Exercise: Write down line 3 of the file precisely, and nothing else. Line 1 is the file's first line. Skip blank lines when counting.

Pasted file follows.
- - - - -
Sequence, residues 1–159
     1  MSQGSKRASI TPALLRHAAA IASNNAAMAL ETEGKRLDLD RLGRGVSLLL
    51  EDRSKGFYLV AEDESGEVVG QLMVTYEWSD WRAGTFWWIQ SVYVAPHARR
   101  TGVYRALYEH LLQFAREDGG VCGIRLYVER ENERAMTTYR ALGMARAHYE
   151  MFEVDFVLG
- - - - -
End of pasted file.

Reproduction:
    51  EDRSKGFYLV AEDESGEVVG QLMVTYEWSD WRAGTFWWIQ SVYVAPHARR